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His Majesty Gallery

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King Cetewayo, 1902
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King Cetewayo, 1902
Charles I and Speaker Lenthall, c1850, (1947). Creator: Unknown Featured Image

Charles I and Speaker Lenthall, c1850, (1947). Creator: Unknown

Charles I and Speaker Lenthall, c1850, (1947). On 4 January 1642, King Charles I (1600-1649, standing, in hat) entered the House of Commons to arrest five Members of Parliament for high treason. Speaker William Lenthall (1591-1662) defied the King to uphold the privileges of Parliament. The King had to leave without arresting the Five Members. No monarch has entered the House of Commons since then. After Speaker Lenthall Asserting the Privileges of the Commons Against Charles I when the Attempt was made to Seize the Five Members, painting by Charles West Cope in the Palace of Westminster in London. From "The House of Commons", by Martin Lindsay M.P. [Collins, London, 1947]

© The Print Collector/Heritage Images

Edwy and Elgiva, (mid 19th century). Creator: J Rogers Featured Image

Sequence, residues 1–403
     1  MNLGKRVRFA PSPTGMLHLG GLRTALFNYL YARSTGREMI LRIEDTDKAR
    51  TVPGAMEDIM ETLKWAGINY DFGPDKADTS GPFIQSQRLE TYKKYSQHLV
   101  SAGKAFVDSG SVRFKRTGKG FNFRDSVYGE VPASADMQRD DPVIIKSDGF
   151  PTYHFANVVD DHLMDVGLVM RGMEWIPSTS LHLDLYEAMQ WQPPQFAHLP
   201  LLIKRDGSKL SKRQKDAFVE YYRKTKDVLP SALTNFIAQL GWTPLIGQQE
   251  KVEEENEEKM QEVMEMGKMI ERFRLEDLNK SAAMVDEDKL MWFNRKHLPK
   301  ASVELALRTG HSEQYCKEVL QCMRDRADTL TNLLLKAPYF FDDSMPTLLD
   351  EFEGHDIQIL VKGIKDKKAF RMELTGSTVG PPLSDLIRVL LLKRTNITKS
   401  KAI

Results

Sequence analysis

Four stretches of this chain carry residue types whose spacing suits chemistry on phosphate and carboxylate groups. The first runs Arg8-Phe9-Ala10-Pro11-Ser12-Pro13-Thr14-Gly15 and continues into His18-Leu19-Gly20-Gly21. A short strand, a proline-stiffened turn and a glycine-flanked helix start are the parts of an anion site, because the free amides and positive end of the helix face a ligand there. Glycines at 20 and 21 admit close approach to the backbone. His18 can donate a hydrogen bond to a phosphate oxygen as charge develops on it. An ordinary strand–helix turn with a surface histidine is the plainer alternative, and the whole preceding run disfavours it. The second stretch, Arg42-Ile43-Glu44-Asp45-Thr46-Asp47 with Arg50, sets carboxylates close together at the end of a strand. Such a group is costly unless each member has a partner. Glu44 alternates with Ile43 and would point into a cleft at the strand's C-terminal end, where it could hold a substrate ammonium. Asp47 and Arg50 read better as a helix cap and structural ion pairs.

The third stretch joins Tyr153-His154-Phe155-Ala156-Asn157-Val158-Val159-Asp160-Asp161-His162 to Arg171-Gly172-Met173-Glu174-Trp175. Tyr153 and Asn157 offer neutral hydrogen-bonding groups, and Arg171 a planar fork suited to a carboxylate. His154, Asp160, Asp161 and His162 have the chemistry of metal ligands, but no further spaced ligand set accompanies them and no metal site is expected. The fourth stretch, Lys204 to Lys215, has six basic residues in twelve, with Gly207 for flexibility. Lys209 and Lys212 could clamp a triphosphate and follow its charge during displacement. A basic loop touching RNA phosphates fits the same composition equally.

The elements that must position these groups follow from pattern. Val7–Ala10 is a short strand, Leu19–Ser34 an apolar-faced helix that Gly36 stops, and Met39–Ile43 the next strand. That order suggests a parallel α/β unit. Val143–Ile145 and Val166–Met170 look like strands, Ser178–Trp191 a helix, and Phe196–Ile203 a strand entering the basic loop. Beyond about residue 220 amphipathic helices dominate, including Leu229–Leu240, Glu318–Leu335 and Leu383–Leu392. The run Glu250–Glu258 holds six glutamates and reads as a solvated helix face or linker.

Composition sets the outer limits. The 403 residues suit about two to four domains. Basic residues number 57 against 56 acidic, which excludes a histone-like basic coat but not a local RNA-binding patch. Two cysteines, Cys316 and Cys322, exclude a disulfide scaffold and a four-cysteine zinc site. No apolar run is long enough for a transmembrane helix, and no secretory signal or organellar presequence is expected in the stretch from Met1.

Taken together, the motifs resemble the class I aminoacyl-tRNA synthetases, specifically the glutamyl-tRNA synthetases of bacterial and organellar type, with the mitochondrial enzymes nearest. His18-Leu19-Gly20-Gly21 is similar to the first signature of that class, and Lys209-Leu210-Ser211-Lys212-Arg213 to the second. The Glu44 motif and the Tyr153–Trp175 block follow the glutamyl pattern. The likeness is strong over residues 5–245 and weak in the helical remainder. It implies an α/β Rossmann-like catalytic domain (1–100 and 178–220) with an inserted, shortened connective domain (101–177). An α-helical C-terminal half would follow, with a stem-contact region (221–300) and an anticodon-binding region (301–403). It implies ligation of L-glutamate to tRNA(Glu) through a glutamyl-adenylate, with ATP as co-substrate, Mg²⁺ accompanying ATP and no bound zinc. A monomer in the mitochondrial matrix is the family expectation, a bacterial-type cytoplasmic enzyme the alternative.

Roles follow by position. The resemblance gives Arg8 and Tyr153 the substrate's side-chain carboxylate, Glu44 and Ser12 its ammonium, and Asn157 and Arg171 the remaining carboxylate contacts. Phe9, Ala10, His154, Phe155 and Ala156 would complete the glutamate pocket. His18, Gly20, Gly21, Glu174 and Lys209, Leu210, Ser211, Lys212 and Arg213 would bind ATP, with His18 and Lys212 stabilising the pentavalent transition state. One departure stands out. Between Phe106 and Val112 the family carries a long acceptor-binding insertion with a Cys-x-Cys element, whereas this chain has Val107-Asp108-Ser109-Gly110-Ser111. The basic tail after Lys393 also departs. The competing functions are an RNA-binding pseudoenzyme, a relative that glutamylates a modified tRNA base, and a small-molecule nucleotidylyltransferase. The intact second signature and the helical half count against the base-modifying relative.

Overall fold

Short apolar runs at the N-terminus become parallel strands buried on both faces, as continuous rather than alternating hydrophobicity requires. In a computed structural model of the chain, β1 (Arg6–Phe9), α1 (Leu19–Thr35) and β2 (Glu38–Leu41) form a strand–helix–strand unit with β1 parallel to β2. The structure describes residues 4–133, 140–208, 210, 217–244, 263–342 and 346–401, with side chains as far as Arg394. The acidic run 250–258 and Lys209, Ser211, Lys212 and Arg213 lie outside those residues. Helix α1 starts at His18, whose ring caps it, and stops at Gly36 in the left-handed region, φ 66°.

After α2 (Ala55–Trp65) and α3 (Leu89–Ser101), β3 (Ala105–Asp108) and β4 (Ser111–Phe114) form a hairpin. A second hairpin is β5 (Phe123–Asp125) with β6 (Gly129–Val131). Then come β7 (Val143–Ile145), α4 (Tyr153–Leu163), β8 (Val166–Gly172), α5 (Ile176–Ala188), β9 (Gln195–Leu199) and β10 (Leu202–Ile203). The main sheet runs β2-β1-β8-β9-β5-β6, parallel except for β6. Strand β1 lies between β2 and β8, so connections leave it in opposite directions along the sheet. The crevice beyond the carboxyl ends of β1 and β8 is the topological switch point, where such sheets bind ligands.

Edwy and Elgiva, (mid 19th century). Creator: J Rogers

Edwy and Elgiva, (mid 19th century). Depiction of a scene from early British history: Queen Elgiva and King Eadwig are reproved by priests, possibly Archbishop Odo and/or Saint Dunstan, on the day of Eadwig's consecration as king. Edwy All-Fair or Eadwig (c941-959 AD) was the King of England from 955 until his death. He was married briefly to Aelfgifu or Elgiva (ruled 955-959). Engraving after a work of the late 18th century. [John Tallis & Company, London & New York]

© The Print Collector/Heritage Images

The death of Harold at the Battle of Hastings, 1066, (1944). Creator: Unknown Featured Image

The death of Harold at the Battle of Hastings, 1066, (1944). Creator: Unknown

The death of Harold at the Battle of Hastings, 1066, (1944). The Latin reads: Harold Rex Interfectus Est - King Harold is killed. English forces led by King Harold II fought the invading Normans under William I. It has been suggested that the arrow in the eye account of Harold's death was deliberately invented by the Normans as an attempt to legitimise William's siezure of the English crown, by portraying Harold as having been struck down by God as punishment for his breaking of his oath to William. Detail from the Bayeux Tapestry, the famous embroidery made a few years after the Norman invasion of England in 1066. From "Battlefields in Britain, by C. V. Wedgwood. [Collins, London, 1944]

© The Print Collector/Heritage Images


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